“Twitter Revolution is distinguished from other forms of activism because of the means by which the cyber activists communicate and aggregate through Twitter. It is an example of how social media facilitates communication among people globally in political revolutions.” ¹
Before social media, protests were mostly covered by big news corporations through TV and newspapers. How they were covered depended on where you lived and the angle the network or newspaper chose to tell the story. With the emergence of social media, individuals can cover just as much if not more of a big event than regular news corporations. Social media harnesses the power of connections and hashtags to help people track and follow big world events.
We got our first real look at how powerful social media can be in 2009 during the protests against the Iranian presidential election results. The protests were titled the Iranian Green Movement². Thousands of protesters took to the streets to voice their displeasure of the election results and claimed that votes were manipulated and the election results were rigged. It is said that Iranian authorities blocked websites, cell phone transmissions and text messaging². Protesters looked for alternative ways of communicating and relied on Twitter and Facebook to not just communicate but share their experiences with the world.
Shortly after the Iranian Green Movement in Iran, demonstrations erupted in Tunisia as people took to the streets to voice their displeasure with longtime president Zine El Abidine Ben Ali. It is said that the demonstrations were precipitated by high unemployment, food inflation, corruption, a lack of political freedoms like freedom of speech and poor living conditions³.
It didn’t end there as Egypt also experienced a revolution where social media sites like twitter and facebook were again used to communicate and broadcast their displeasure with their government.
The first real protests against election results to happen in the West and to be covered in the age of social media happened this year. Although short lived, thousands of people took to the streets all across America to voice their displeasure of Trump being elected the next President of the USA. His win created a shockwave across the nation and the hashtag #NotMyPresident was quickly created and used to capture people’s experiences at protests as well as to follow news on the hot topic.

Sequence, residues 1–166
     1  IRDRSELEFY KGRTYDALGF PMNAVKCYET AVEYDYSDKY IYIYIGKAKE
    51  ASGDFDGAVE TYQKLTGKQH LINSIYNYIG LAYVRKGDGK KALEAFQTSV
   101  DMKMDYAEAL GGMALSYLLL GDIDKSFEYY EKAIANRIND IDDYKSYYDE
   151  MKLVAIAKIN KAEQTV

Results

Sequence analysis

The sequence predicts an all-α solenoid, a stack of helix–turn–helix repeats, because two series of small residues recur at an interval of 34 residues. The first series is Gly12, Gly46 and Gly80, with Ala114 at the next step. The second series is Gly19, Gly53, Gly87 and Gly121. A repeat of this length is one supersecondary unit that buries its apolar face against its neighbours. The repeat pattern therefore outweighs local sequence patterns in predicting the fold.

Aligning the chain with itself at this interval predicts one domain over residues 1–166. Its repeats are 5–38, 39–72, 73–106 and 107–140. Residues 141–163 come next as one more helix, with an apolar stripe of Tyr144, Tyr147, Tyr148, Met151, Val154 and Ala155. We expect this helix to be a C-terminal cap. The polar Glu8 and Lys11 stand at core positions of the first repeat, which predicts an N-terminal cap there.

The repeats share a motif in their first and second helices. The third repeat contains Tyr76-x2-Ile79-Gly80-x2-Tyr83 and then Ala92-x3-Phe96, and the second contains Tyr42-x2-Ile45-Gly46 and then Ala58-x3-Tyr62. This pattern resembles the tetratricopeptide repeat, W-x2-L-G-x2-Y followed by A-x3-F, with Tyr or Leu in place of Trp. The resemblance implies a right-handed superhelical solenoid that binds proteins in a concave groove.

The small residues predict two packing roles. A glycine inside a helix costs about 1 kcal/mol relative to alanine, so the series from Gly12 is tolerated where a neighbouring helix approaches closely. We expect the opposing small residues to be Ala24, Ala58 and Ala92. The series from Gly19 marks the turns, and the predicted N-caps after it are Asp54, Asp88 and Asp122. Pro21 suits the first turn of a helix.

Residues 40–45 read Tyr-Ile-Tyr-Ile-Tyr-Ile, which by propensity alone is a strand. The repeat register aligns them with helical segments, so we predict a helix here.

Most people are likely aware of the ongoing protests in Standing Rock where thousands of people are protesting against the proposed Dakota Access Pipeline. Native Americans have a reservation in the area and are protesting the construction of the pipeline out of (understandable) fear that the pipeline will cause damage to the land surrounding their reservation and could eventually have an oil spill into the nearby rivers. This would have catastrophic environmental consequences and impact their very livelihood. The hashtags #StandingRock #NoDAPL have been used to help cover the story through social media. More interestingly, until only recently, no major news organizations had been covering the protests on the ground in North Dakota. Personally, I was mostly learning about the latest updates by following Unicorn Riot @UR_Ninja on twitter. They are a commercial-free, viewer supported, independent media & live video streaming company. They are proving to be a great alternative to the major media outlets like CNN and Fox News.
What other notable protests do you recall being covered through social media?